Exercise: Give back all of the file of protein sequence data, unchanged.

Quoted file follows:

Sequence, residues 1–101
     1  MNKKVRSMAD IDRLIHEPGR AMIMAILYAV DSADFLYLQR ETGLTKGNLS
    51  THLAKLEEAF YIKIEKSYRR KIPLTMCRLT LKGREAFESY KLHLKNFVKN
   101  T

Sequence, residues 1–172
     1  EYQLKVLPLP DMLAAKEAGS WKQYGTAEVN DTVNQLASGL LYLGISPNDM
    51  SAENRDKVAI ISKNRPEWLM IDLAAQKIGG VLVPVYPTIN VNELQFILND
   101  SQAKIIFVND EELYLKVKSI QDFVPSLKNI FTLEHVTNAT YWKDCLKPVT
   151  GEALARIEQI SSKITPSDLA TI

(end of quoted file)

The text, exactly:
Sequence, residues 1–101
     1  MNKKVRSMAD IDRLIHEPGR AMIMAILYAV DSADFLYLQR ETGLTKGNLS
    51  THLAKLEEAF YIKIEKSYRR KIPLTMCRLT LKGREAFESY KLHLKNFVKN
   101  T

Sequence, residues 1–172
     1  EYQLKVLPLP DMLAAKEAGS WKQYGTAEVN DTVNQLASGL LYLGISPNDM
    51  SAENRDKVAI ISKNRPEWLM IDLAAQKIGG VLVPVYPTIN VNELQFILND
   101  SQAKIIFVND EELYLKVKSI QDFVPSLKNI FTLEHVTNAT YWKDCLKPVT
   151  GEALARIEQI SSKITPSDLA TI